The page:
The PAM01347 and 01348 provide 100m of water resistance, which is fine for any watch in my opinion. I’ve been below 100′ with a watch rated to 100m, and it was dry as a bone when I surfaced. Water resistance ratings are conservative for a reason. The screwed-down crown inspires additional confidence. I’d SCUBA dive in these watches without worry, though I’m not recommending it any more than Panerai is.
The P.5000 eight-day manually wound movement is spectacular to behold. Many don’t agree with me, from what I’ve read, but for me any in-house movement is worth a look-see from time to time, if only because you won’t see it anywhere else. I happen to like large solid 3/4 bridges as we see here, and it suits the watch.
With Panerai movements, you not only get a look at a cool in-house movement, but at a member of a diverse family of movements that includes perpetual calendars and split-second chronographs, which are some of the most difficult movements to make. This is associative value. I feel this value in my time-only Vacheron movements, that they are members of a distinguished family, even if not the most prestigious members themselves. The pedigree is there.
I really enjoy an eight-day movement. The winding takes a long time, but the crown action on a P.5000 is superlative, and the feeling of powering up the dual barrels for the next week is unique. There’s a level of commitment there that I enjoy.
Originally the eight-day movement was used in Panerai dive watches in order to reduce wear on the crown, where water could seep in. Today, however, such concerns are anachronistic and nostalgic, which is part of the charm of this movement. A huge power reserve like this may not be the most jaw-dropping of features, but it’s genuinely useful (unlike many complications) and requires an engagement with the movement that – in my experience, at least – deepens my connection to the timepiece.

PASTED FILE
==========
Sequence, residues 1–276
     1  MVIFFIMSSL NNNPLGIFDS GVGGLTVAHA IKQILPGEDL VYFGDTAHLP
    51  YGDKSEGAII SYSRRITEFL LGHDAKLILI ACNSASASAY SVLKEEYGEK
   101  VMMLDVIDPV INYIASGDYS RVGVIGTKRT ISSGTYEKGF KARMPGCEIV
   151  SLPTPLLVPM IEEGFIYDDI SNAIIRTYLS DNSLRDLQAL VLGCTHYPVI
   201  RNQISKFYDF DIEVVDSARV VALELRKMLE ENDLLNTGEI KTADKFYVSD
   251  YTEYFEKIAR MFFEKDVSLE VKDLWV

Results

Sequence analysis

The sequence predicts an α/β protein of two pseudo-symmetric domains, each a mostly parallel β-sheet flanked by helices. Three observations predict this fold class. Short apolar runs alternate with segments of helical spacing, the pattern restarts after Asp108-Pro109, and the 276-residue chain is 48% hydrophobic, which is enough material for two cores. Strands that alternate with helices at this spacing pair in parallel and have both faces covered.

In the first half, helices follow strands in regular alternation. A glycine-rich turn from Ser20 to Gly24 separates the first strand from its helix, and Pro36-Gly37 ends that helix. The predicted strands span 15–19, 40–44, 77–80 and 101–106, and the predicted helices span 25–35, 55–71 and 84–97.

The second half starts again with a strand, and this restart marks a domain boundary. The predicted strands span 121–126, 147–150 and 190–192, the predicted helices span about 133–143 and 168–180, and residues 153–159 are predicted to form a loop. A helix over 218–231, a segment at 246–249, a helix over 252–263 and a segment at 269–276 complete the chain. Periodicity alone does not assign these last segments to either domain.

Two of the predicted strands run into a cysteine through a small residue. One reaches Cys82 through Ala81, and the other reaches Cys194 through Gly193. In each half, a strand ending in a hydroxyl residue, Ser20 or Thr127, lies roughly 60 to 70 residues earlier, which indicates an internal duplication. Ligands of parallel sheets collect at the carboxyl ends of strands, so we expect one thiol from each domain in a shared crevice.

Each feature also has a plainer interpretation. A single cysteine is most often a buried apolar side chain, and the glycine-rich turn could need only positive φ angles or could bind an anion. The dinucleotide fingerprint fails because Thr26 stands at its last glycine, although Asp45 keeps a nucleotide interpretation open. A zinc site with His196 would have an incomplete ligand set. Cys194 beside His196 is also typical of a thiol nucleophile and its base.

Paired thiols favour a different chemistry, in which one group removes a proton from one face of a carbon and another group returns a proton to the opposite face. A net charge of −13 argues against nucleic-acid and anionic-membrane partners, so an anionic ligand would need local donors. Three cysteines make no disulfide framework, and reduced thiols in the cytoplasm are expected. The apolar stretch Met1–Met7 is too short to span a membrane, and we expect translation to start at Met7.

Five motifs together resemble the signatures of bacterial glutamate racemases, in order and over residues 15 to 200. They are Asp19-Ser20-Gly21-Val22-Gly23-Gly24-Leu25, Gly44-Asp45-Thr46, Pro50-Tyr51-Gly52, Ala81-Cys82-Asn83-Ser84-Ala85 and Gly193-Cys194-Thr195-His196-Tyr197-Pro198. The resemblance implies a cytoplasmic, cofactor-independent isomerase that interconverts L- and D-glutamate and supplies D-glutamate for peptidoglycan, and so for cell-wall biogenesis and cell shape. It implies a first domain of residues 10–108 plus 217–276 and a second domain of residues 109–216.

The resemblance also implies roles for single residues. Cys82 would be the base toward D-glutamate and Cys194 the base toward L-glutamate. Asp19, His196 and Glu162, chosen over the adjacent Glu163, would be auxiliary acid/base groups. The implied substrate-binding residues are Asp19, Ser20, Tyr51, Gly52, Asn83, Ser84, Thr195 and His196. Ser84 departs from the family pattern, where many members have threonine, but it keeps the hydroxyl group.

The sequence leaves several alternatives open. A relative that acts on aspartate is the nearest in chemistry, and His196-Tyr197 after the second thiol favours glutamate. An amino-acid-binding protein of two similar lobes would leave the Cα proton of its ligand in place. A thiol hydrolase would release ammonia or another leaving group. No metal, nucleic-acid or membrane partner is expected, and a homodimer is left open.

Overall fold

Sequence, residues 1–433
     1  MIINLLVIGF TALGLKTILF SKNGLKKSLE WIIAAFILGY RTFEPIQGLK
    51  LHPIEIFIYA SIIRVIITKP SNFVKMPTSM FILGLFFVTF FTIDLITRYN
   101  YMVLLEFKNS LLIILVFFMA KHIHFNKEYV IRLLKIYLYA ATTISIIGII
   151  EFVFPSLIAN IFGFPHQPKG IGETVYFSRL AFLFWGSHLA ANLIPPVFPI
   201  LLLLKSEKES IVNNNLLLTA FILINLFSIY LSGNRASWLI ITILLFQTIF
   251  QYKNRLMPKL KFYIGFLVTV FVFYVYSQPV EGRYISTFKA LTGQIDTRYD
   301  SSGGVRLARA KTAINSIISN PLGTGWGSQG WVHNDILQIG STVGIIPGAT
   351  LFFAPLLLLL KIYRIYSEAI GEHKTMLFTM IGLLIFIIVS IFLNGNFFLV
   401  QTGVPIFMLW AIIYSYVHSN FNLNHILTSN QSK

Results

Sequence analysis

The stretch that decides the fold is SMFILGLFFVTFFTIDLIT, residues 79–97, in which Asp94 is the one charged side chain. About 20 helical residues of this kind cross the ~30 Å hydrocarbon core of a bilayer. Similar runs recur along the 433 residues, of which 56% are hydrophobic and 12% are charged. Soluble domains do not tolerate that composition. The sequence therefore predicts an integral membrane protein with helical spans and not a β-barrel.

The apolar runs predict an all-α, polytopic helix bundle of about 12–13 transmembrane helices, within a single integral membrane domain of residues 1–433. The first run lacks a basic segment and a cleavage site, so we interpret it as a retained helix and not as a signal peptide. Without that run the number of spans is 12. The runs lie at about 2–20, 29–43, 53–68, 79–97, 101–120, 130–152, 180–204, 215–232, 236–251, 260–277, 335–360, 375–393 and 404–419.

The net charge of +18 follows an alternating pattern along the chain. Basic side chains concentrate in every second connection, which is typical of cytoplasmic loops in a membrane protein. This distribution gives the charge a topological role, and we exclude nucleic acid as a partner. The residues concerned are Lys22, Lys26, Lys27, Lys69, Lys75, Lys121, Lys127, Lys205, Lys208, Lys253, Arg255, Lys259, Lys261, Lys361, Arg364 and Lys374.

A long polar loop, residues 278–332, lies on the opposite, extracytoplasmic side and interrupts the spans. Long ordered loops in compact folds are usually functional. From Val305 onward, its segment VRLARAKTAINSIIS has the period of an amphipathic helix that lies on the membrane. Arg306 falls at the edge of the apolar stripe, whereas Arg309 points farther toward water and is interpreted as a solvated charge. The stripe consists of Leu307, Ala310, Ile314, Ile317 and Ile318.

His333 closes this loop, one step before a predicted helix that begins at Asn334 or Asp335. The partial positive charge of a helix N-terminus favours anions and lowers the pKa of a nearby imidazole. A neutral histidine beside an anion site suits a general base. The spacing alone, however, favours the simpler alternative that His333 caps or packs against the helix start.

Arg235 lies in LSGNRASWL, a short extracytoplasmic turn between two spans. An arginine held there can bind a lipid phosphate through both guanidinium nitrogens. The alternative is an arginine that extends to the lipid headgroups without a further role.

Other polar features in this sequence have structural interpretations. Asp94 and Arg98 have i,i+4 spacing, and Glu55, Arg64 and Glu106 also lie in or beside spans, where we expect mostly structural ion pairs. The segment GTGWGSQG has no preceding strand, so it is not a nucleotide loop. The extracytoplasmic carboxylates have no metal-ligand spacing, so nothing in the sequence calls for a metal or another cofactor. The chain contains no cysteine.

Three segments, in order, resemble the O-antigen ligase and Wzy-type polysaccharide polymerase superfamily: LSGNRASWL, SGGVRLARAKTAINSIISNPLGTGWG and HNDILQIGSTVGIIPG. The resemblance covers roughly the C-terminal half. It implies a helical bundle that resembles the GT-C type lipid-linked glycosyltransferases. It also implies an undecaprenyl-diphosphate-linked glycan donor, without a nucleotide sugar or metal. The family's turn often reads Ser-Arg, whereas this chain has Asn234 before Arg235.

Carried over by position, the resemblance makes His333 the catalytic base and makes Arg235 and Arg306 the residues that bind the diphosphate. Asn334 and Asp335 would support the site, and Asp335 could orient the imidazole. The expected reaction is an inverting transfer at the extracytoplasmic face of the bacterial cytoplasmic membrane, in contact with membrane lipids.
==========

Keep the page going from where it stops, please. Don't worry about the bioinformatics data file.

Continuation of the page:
Wearing These Radiomir References
First of all, the straps are, like all Panerai straps, gorgeous. The blue suede (made in Austria) is casually elegant, while the brown strap (made in Italy) is begging for the marks of wear to adapt it to the worn-in look of the whole watch. Sumptuous is the word I’d use to describe both straps, and comfort is abundant.
Overall these models wear like watches much much smaller than 45mm. I own 40mm watches that wear larger than these Radiomir models do. No question the wire lugs shorten the whole package and reduce bulk, but it is also the skin-diver-like slope of the case out to its four corners that helps these watches wrap around your wrist like a much smaller watch.
And lastly – if redundantly – wearing the PAM01347 and 01348 in an entirely elegant experience. I can’t stress enough how fine these watches feel to wear. Which isn’t at all what most people have been saying about these models. They are crafted to appear as if they’ve been through decades of hard use, yet Panerai simply can’t make a watch that’s not finished exquisitely. That finishing along with brave artisnal treatments and unique historical designs simply adds up to elegance.